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The modern SEO's toolkit

The modern SEO's toolkit

I evangelise that every online marketer should be thinking about going beyond "software" and into hacking together your own basic tools. Illustrated with examples and details.

Will Critchlow

October 24, 2011

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  1. WILL CRITCHLOW - @willcritchlow Our ability to use APIs, scrapers,

    multiple tools is going to be super critical. Avinash Kaushik, interview on SEOmoz
  2. WILL CRITCHLOW - @willcritchlow I could talk about all the

    big tools, but you know about them (and if you don’t, they’re easy to find)
  3. WILL CRITCHLOW - @willcritchlow This talk is about the toolbox,

    not all-powerful tools [though I love that the picture on the right is entitled “really big lathe”] http://www.flickr.com/photos/dottiemae/5187337181/ http://www.flickr.com/photos/endless__mike/2757408845/
  4. WILL CRITCHLOW - @willcritchlow Expect the output of every program

    to become the input to another, as yet unknown, program Doug McIlroy, Basics of the Unix Philosophy
  5. WILL CRITCHLOW - @willcritchlow They refer to “pipes” (|) because

    you connect programs like this: `cat $file | grep 404` http://www.flickr.com/photos/danndalf/3534506071/
  6. WILL CRITCHLOW - @willcritchlow I run a company whose product

    is written in code, and I don’t yet speak the language. I sometimes feel like a newspaper publisher who has to take his editor’s word for it that the articles are good. Roy Bahat, President at IGN Entertainment
  7. WILL CRITCHLOW - @willcritchlow I am not trying to turn

    you into a developer (that would make Bill concerned). Not being an author isn’t an excuse for not learning English
  8. WILL CRITCHLOW - @willcritchlow You need to find all the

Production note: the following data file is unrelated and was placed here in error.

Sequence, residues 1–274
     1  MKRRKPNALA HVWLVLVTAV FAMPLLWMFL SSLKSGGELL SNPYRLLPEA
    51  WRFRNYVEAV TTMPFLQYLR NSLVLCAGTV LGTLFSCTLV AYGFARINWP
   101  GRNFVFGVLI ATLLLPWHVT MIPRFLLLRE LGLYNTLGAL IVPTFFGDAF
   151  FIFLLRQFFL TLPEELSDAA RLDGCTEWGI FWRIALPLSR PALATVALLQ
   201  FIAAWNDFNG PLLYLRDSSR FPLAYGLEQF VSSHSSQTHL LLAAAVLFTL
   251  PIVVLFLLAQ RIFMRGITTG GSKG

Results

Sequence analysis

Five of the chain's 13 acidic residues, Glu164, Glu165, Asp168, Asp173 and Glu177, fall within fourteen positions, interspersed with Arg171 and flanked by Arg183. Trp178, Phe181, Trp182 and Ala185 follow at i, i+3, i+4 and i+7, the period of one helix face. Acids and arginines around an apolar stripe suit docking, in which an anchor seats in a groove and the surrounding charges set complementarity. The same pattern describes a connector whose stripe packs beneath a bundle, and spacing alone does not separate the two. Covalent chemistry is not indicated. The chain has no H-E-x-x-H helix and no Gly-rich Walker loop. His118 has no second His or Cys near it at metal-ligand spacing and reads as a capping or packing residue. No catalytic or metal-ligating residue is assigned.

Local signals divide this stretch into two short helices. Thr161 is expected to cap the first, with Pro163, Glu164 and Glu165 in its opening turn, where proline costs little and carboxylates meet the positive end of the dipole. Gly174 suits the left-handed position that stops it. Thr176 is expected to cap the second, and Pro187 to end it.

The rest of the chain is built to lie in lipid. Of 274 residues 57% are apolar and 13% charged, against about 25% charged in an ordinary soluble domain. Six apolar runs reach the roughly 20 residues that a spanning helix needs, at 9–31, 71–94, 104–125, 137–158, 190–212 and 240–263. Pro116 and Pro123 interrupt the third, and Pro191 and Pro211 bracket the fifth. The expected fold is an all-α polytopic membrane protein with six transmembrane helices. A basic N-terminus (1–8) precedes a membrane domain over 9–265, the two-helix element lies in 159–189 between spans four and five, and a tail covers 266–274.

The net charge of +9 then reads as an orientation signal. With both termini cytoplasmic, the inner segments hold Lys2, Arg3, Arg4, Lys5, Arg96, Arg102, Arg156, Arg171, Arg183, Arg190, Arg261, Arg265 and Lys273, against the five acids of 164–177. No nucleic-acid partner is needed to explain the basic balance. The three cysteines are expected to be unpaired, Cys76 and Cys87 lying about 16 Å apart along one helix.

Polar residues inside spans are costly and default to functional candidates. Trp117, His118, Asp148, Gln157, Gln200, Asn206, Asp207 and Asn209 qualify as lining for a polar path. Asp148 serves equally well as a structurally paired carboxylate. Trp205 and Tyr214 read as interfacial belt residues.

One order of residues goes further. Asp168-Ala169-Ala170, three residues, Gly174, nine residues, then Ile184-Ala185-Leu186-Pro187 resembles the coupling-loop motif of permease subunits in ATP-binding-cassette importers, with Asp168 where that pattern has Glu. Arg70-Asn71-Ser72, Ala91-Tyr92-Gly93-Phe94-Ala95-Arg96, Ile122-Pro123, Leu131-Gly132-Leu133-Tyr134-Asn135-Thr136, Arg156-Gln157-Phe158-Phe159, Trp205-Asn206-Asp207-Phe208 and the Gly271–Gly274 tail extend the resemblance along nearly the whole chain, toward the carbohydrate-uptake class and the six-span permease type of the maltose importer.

googlebot visits in a certain time-period in a 22Gb log file
  9. WILL CRITCHLOW - @willcritchlow I’d be turning to bash, grep

    and sed Does getting started with this sound too hard?
  10. WILL CRITCHLOW - @willcritchlow Too hard? Really? I call BS

    – here’s how to get up and running from scratch in 45 minutes
  11. WILL CRITCHLOW - @willcritchlow I cut it down to 15

    minutes – some sequences may be shortened
  12. WILL CRITCHLOW - @willcritchlow Pro-tips: man <command> / <command> --help

    More information about grep and sed. I also use curl -I, whois, host
  13. WILL CRITCHLOW - @willcritchlow You need to explain to a

    client or a dev team the changes you want to make to a site
  14. WILL CRITCHLOW - @willcritchlow Get comfortable with a prototyping /

    screenshot annotation tool. This is Balsamiq
  15. WILL CRITCHLOW - @willcritchlow I’m currently really liking Skitch (mac

    only currently, but recently acquired by Evernote and apparently coming to Windows)
  16. WILL CRITCHLOW - @willcritchlow Sometimes screencasts or quick videos are

    the easiest way to get the point across. It’s never been easier. I like screenr for screencasts (warning: public).
  17. WILL CRITCHLOW - @willcritchlow Start using a ticket tracking tool

    / kanban board / project management tool. My current favourite is Trello
  18. WILL CRITCHLOW - @willcritchlow You need to get persuasive information

    for your boss on how people perceive your site
  19. WILL CRITCHLOW - @willcritchlow You need to classify a bunch

    of URLs. But you need to discover the classifications as you go along